2007 Honda Civic Si 2dr Coupe review: 2007 Honda Civic Si 2dr Coupe

CNET Editors' Rating

4 stars Excellent
  • Overall: 8.4
  • Cabin tech: 8.0
  • Performance tech: 9.0
  • Design: 8.0
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The Good The 2007 Honda Civic Si Sedan has a well-integrated navigation and voice command system. Its power train makes it fun to drive, whether you're practicing fast launches or simply commuting.

The Bad Bluetooth cell phone integration isn't an option on the Civic Si, nor is a real iPod adapter. The optional CD changer mounts in the trunk.

The Bottom Line Beyond a couple of missing options in the cabin, the 2007 Honda Civic Si Sedan is as functional as it is fun. Its cabin tech is both useful and entertaining, while it offers an enjoyable driving experience.

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With four doors, you might think the 2007 Honda Civic Si Sedan is more grown up than its coupe sibling. The fact that you can strap a baby seat in back doesn't detract from the Civic Si Sedan's wheel-spinning glory and general penchant for being pushed hard around corners. And its tech apparel comes with one of Honda's better audio systems, complete with bass-thumping subwoofer, which doesn't suggest a diet of adult contemporary or light jazz.

Last year, we reviewed the coupe version of the Civic Si, and found it one of the best car tech values around. Adding two doors for the sedan version raises the price just a little, but not enough to detract from the value. For a little over $23,000, you get an excellent navigation system complemented by one of the best voice command systems available. Combined with the fun and efficient power train, you'll want to spend a lot of time in this car.

That is, if you like the looks, which can be polarizing. The Civic Si Sedan looks great from every angle but the front. It has a nicer roofline than the coupe version, holding its height a little longer and creating a more graceful slope down to the trunk. The lip spoiler on the back adds a nice touch, improving an otherwise boring rear end. But the big, curvy fascia covering the bumper gives the front a hovercraft look, making the car look less agile than it is.

Test the tech: Mountain drive

We had a lot of fun driving the Civic Si Sedan on flat city streets where we could get a fast start off from a light and jam it around 90-degree corners. But to see what it would do in real terrain, we brought it up above 6,000 feet to Lake Tahoe. Up here, the car would have to handle long, winding highways with significant grades.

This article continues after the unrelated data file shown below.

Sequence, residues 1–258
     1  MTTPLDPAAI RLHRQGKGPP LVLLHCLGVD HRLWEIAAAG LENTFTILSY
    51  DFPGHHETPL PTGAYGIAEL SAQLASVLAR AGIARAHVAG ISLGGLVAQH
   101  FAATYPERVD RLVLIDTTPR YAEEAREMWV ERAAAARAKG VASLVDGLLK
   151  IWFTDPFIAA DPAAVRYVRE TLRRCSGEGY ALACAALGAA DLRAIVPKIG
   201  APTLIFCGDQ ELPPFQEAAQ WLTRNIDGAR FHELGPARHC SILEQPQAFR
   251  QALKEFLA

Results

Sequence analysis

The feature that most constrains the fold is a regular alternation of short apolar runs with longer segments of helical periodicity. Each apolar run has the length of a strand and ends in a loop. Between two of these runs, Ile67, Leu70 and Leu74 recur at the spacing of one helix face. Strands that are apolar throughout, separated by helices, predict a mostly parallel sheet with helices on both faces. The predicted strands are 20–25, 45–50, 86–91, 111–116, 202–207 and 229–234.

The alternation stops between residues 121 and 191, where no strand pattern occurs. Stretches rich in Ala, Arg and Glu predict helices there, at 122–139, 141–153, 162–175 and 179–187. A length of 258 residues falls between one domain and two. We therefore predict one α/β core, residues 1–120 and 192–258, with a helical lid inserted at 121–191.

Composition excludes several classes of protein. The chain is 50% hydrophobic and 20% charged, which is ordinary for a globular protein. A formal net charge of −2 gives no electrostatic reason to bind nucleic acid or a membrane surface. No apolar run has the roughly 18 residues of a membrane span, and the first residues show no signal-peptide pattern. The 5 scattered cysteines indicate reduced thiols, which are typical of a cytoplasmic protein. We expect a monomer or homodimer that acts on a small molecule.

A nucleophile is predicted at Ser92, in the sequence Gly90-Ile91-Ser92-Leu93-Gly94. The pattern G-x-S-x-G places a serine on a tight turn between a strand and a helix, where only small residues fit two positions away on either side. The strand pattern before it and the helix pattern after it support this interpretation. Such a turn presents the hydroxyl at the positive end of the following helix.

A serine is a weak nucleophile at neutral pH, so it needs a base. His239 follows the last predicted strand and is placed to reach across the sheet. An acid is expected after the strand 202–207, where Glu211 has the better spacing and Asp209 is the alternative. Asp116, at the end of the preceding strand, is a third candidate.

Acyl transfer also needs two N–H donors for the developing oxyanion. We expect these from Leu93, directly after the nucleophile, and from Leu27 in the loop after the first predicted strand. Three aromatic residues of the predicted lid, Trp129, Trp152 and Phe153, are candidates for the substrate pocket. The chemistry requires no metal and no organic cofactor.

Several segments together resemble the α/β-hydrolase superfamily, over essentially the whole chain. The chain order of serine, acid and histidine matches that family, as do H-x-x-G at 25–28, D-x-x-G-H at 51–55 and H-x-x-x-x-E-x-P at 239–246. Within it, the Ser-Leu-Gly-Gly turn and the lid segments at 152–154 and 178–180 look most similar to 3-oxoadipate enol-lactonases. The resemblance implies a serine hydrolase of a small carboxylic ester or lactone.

For the trip from San Francisco to Lake Tahoe, we appreciated the extra doors and spacious trunk. Three people and their luggage fit easily into the car, and four would have been just as comfortable. Our passengers found the automatically locking doors annoying. The locks snap shut as the car starts moving, and must be opened with the lock buttons. We would have preferred if the doors unlocked when you pulled the interior handle.


Pouring on the speed around mountain roads wasn't quite as fun as terrorizing city streets.

Although we were well above sea level, the car seemed unaffected by the change in altitude. It was the hills that gave it trouble, sucking up all that flatland sprightliness. As we ran over the Mount Rose Highway, we found the throttle response and acceleration significantly weakened. The car's saving grace is its 8,000rpm redline, which let us downshift to third gear even at speeds over 60 mph. Making use of engine speeds between 6,000 and 8,000rpm, we had adequate power for hill climbs and got to hear the engine's VTEC whine.

The Civic Si Sedan has a limited slip differential as standard equipment, but we didn't find its cornering as strong as that of the similarly equipped . Taking it around long highway corners at speed, the Civic Si Sedan felt like it was leaning out, instead of in, to the curve. On the plus side, we didn't get any wheel slip and were able to take the corners at speed, but it didn't feel as settled as we would have liked.

In the cabin
As the Si, this Civic gets sport seats covered by grippy fabric, embroidered with the Si logo. The seats look good, are fairly comfortable, and offer height adjustment along with recline and forward/back. Bolsters combined with the fabric help you stay planted in hard turns.

As we've noted in previous Civic reviews, the car uses a bilevel instrument cluster, with a digital speedometer and fuel and temperature gauges in the top portion. The lower portion houses an analog tachometer. The car only has a basic trip meter, with no advanced trip computer functions, so don't count on the car to tell you how many more miles you can go.

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Quick Specifications See All

  • Trim levels Si
  • Body style Coupe
  • Available Engine Gas
About The Author

Wayne Cunningham reviews cars and writes about automotive technology for CNET. Prior to the Car Tech beat, he covered spyware, Web building technologies, and computer hardware. He began covering technology and the Web in 1994 as an editor of The Net magazine. He's also the author of "Vaporware," a novel that's available as a Nook e-book.